I’m young at heart. And I have a very youthful pancreas. In fact, my doctor said I have the gall bladder of a 20-year old. But though I think of myself as a kid, there comes a time to give up childish things—yet luckily for us, there is also a time to take them back. I think that time is around my age and the childish things I’m reclaiming are cat videos.
A few days ago this revelation struck me. I’d started to work on a chapter of my novel when a friend sent me a link to a cute cat video. This cat runs at top speed, dives into a box, slides across the floor and crashes into a sleeping dog. The dog wakes up and looks like, “What the heck just happened?”
Then I started watching other videos. They’re not all just cats who play the piano. There’s this one cat who jumps off a bookcase and latches onto a ceiling fan that’s going round and around. And did you see the one with the cat who adopted a baby squirrel? Good thing I have a bottomless ability to absorb adorableness and never suffer from cuteness overload.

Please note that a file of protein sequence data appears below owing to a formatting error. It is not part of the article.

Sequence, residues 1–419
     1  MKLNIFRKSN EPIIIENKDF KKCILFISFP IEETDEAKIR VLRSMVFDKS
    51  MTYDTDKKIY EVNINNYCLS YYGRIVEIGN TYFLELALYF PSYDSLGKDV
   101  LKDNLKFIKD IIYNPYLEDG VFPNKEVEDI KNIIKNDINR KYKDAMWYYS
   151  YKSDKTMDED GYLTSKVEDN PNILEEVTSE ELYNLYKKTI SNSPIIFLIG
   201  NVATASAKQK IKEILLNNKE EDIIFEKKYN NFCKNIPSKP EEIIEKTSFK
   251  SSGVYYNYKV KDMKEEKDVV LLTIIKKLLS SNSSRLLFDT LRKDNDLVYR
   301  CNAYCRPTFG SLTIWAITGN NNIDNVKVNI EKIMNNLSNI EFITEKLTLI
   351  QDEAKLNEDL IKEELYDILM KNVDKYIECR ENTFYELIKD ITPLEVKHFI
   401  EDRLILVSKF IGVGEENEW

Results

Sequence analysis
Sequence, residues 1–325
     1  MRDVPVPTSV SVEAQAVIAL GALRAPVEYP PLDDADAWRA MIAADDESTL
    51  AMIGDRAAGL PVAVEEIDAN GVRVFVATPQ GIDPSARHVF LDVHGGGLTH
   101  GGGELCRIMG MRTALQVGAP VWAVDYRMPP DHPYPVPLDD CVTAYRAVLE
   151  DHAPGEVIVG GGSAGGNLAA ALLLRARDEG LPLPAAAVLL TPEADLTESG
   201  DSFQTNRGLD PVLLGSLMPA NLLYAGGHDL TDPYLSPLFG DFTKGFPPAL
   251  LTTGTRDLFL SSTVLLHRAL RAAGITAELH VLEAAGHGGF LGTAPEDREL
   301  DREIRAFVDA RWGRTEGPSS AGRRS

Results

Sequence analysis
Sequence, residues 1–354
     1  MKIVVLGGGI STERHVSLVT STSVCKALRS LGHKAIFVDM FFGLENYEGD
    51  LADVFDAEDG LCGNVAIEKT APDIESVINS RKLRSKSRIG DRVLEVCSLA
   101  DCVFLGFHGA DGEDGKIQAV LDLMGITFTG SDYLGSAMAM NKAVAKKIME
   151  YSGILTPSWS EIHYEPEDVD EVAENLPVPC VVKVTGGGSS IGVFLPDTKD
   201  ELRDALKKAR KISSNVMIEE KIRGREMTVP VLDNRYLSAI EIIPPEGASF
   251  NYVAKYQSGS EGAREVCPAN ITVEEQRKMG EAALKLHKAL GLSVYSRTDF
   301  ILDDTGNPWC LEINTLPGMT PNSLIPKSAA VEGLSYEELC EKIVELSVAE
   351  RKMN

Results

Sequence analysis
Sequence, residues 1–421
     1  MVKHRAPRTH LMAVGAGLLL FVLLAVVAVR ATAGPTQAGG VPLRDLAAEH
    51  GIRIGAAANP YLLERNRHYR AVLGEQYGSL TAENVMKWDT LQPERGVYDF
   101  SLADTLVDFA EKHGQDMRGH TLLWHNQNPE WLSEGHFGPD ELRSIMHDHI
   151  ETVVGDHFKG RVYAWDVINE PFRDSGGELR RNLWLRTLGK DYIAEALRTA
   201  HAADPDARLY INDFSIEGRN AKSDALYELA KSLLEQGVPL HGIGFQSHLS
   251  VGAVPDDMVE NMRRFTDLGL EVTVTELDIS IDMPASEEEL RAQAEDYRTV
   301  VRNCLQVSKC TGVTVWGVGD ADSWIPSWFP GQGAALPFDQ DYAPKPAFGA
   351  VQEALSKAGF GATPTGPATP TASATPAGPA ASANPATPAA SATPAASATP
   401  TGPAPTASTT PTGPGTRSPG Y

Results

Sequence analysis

Anyway, it’s suddenly three hours later and my husband is asking, “Hey, what were you thinking of for dinner?” Um, Friskies Moist Meals?
Cat videos are a time vacuum that sucks me in every time. I never learn, just like that cat who beats on a sheet of paper as it comes out of a printer. He hits it faster and faster, but paper just keeps coming. Then he falls off the table.
But you know what? I don’t care that I got sucked in. For those three hours I was happy. Forget religion, cat videos are the opium of the masses. I mean, the cats are so loveable that if they told me to hijack a kibble truck at gunpoint, I’d do it without question.
There’s no doubt in my mind that cat videos could save the world. If before contemplating any war, all factions were forced to view at least six hours of cat videos, they’d be so mellow no one would want to fight, unless, of course, it’s over custody of a cat.
Being a cat video addict. I’m glad they’re not Pay-per-view or I’d be so far in debt I’d be pawning my firstborn. And second. And third.
Yet, like any addiction, the first step is to admit you have a problem. I have a Maine coon-cat-sized problem. If I want to finish my book I have to quit letting cat videos distract me. But those sweet little faces are such click-bait. Still, I’m determined to exit YouTube, and then I see that video of the kitten who’s massaging the belly of golden retriever. I could watch that until my eyes fall out.
I know I must stop because I need to leave the house, but my inner child keeps telling me, “Come on. Just one more.” Well, maybe one. If I’m late the people at Dime Stories will understand.